Where they stand Q&A: George T. Holland


Q: Partisan politics has been blamed for political gridlock at the federal level, ranging from approval of spending bills to Supreme Court nominations to filibusters on legislation. How is partisanship most problematic and how would you try to promote bipartisan efforts?

A: Partisanship has become more problematic as special-interest dollars corrupt our political system. The best way to encourage bipartisanship in the U.S. Congress is to work to overturn the Supreme Court’s Citizens United ruling.

Q: Congress and the president so far have been unable to reach a compromise on a legislative solution for young immigrants who came into the U.S. illegally as children. Where do you stand on the “Dreamers” issue?

A: This is very emotional. I believe that immigrants who were brought illegally to the U.S. as young children should have the opportunity to become U.S. citizens should they so desire.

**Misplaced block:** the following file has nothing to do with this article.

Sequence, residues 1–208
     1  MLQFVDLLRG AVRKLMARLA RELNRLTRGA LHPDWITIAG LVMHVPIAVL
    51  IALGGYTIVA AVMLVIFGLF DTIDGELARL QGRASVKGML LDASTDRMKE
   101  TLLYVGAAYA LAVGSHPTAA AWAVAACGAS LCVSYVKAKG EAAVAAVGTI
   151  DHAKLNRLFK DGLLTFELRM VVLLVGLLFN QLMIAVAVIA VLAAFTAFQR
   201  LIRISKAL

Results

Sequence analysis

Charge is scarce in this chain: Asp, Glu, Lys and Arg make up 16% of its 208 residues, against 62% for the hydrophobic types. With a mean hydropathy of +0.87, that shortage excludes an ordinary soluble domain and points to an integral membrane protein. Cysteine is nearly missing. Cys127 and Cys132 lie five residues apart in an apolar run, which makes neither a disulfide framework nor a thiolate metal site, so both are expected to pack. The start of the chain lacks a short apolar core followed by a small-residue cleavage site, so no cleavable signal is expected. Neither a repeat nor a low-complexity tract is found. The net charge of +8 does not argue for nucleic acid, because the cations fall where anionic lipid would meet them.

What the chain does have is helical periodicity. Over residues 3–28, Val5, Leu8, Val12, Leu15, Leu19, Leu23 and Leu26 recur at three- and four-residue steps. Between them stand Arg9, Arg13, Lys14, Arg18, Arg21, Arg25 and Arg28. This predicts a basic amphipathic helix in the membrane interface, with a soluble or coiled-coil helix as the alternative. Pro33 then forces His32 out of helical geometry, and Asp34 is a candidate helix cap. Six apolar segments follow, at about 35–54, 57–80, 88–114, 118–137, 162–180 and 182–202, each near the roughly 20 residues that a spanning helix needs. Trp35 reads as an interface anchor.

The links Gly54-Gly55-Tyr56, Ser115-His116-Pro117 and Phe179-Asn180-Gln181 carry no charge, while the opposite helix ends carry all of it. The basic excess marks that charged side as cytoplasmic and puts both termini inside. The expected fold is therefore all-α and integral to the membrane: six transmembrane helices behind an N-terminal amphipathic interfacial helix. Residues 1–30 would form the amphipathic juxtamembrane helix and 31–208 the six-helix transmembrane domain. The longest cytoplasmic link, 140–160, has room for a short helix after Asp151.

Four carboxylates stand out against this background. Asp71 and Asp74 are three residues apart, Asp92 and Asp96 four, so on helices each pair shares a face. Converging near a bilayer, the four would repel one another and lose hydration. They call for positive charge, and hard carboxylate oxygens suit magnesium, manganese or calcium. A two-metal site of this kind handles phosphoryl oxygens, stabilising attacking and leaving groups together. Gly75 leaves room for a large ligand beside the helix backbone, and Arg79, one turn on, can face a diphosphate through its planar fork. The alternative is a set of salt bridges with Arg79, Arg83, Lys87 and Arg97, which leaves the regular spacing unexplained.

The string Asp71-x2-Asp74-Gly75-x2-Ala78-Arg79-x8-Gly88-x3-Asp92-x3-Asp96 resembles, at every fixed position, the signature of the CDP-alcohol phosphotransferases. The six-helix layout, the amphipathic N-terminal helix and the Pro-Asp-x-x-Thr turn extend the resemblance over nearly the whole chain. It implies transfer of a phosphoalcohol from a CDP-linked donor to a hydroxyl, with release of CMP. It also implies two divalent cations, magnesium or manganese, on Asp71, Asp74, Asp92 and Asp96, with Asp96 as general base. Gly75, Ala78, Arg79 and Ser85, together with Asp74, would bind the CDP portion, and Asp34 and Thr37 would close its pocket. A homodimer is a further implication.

Holland bio

Name: George T. Holland

Political party: Democratic

Age: 83

City of residence: Rushville

Occupation: Retired

Education: Bachelor of Science in Chemistry-Zoology, Butler University, 1961

Previous offices held: None

Previous offices sought: U.S. House of Representatives several times as a Republican, Democrat and Libertarian. Democratic nominee, 1988; Libertarian nominee, 2008.